Tim Hanks, Ph.D.
Dr. Hanks is a neuroscientist with expertise in the neural mechanisms of decision making and in using rodent models to develop behavioral paradigms of decision commitment.
During his graduate studies at the University of Washington, he worked with Dr. Michael Shadlen to develop probabilistic models of neural coding consistent with Bayesian decision-making processes.
Dr. Hanks's subsequent post-doctoral studies with Dr. Carlos Brody at Princeton University and the Howard Hughes Medical Institute focused on identifying neural correlates of evidence accumulation in the prefrontal and posterior parietal cortex regions of rodent brains, which spurred his interest in using newly available rodent models and tools to untangle the mysteries of neural circuit mechanisms related to decision-making and cognition.
Dr. Hanks is now an Assistant Professor in the Department of Neurology and runs a neurobiology research laboratory at the Center for Neuroscience.
The central goal of Dr. Hanks's research is to elucidate the neural mechanisms that underlie decision making. Decision making occurs at the interface between cognition and behavior, so we believe that understanding its neural basis holds the promise of exposing the general principles of neural computation that support cognition. His primary approach is to train rodents to perform complex behavioral tasks that are carefully designed to allow his team to develop mathematical descriptions of the underlying decision processes.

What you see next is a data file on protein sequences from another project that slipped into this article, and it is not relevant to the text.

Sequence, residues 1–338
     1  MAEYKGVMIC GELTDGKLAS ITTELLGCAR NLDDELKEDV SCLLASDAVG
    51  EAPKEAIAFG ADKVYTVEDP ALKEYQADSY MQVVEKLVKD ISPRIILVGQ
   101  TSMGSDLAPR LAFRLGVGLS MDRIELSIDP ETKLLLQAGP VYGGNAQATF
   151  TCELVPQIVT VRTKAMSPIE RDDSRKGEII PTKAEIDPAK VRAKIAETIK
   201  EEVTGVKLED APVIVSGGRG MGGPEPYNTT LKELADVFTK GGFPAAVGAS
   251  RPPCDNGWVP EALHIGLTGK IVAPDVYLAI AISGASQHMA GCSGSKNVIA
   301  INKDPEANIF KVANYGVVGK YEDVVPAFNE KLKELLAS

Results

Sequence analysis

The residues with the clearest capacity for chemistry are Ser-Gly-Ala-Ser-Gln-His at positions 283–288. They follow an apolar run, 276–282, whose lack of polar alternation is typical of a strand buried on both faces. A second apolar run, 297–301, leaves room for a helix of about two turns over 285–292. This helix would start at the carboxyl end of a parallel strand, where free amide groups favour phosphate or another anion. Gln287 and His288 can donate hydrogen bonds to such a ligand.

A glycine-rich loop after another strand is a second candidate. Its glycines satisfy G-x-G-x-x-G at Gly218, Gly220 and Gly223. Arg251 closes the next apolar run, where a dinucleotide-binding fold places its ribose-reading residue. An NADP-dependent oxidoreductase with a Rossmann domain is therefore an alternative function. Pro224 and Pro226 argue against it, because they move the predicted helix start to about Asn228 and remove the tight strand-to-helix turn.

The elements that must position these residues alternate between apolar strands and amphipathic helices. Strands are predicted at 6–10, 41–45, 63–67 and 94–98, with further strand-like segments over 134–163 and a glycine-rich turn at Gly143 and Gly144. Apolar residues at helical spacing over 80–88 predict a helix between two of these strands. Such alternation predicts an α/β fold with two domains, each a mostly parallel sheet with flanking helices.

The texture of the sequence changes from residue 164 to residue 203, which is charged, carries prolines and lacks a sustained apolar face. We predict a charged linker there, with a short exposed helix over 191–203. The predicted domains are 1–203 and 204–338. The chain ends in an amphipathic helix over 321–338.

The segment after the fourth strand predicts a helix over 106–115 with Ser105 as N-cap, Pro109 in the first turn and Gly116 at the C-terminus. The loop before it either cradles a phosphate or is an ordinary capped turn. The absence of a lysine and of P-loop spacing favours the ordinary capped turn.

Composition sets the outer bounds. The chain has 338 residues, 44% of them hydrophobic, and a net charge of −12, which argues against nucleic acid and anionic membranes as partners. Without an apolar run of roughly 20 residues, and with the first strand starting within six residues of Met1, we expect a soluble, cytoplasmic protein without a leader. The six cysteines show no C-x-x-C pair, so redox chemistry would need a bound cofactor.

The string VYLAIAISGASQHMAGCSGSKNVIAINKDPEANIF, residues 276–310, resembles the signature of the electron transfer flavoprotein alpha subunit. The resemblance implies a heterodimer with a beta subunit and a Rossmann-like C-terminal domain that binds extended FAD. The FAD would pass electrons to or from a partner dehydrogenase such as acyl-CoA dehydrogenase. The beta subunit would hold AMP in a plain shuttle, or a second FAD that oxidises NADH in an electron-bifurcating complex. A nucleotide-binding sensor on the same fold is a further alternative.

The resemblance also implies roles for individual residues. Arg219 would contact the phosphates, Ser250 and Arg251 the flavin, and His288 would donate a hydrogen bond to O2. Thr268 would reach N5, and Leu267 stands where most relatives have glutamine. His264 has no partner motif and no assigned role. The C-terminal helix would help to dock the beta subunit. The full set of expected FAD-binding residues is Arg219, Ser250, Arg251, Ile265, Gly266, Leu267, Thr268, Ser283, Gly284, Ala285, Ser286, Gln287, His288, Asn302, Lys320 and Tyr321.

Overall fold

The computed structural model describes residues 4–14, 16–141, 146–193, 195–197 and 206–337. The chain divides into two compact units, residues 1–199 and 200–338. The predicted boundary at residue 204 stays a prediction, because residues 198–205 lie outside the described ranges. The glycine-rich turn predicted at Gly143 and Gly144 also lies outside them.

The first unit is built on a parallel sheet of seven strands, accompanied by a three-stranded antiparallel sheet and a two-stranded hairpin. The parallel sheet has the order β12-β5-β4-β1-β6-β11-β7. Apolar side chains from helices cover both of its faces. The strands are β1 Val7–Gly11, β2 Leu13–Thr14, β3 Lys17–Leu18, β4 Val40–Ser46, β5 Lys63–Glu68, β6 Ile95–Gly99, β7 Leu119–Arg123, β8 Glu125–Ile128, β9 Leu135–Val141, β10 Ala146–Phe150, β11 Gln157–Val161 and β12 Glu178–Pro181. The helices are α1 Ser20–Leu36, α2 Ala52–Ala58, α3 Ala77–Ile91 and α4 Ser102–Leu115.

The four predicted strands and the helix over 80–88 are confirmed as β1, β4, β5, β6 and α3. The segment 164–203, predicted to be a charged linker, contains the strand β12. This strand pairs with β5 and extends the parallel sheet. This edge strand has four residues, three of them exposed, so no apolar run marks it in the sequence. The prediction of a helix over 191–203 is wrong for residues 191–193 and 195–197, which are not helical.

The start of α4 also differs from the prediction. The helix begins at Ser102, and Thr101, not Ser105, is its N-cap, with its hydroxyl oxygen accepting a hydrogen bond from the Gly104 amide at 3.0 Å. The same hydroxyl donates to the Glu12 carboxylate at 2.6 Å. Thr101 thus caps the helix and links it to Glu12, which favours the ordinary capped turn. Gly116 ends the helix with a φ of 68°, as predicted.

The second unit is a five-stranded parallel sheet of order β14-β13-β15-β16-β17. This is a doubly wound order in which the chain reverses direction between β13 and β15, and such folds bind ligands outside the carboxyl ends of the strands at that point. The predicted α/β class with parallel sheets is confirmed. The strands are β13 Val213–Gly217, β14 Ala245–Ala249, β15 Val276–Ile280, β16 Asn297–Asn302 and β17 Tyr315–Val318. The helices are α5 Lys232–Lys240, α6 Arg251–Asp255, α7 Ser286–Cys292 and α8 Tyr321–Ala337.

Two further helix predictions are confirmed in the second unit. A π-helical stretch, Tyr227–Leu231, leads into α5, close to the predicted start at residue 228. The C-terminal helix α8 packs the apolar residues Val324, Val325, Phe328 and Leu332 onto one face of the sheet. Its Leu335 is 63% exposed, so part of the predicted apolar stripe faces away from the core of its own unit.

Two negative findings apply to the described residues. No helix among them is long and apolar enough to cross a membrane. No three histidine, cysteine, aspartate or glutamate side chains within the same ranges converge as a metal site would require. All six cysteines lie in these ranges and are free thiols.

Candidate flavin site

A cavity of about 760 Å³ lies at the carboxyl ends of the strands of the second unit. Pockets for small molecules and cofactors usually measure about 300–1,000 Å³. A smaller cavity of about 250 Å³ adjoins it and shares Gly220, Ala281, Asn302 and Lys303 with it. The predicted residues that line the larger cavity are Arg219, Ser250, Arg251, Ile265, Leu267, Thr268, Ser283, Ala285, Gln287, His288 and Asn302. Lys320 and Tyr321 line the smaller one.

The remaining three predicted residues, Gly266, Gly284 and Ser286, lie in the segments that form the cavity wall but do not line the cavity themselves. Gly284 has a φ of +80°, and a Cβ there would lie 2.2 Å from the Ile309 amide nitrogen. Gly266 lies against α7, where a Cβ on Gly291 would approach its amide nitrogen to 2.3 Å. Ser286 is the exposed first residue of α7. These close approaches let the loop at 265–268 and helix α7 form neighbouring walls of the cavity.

Dr. Hanks's lab employs high-throughput, automated training methods to provide a steady pipeline of subjects for these studies, using the rapidly expanding toolkit of cutting-edge molecular and cellular techniques available for rodents, such as optogenetics, in combination with high- density neural recordings to both measure and manipulate neural activity across a range of brain regions, including cortical and subcortical networks. Knowledge gained from these experiments is used to develop and constrain circuit-level descriptions of the computations that underlie decision making. The nature of this research is highly collaborative, and the UC Davis neuroscience community provides a wealth of opportunities for these collaborations.
The general goal of Dr. Hanks's research is to connect general principles of decision making to neural circuit mechanisms, thus paving the way for the development of more principled treatments for disorders of higher brain function. There are a number of such disorders that involve impairments to decision making, including depression, schizophrenia, and dementia, among others. His lab's experiments are intended to develop information about what interventions are necessary to produce specific alterations of the neural computations that underlie decision making behaviors.
Furthermore, the technologies Dr. Hanks employs also furnish the potential capacity to perform targeted interventions. Thus, the long-term goal of his research is to develop sufficient understanding of the neural mechanisms that govern decision processes to inform hypothesis-driven approaches towards effective, directed treatment of disorders of higher brain function.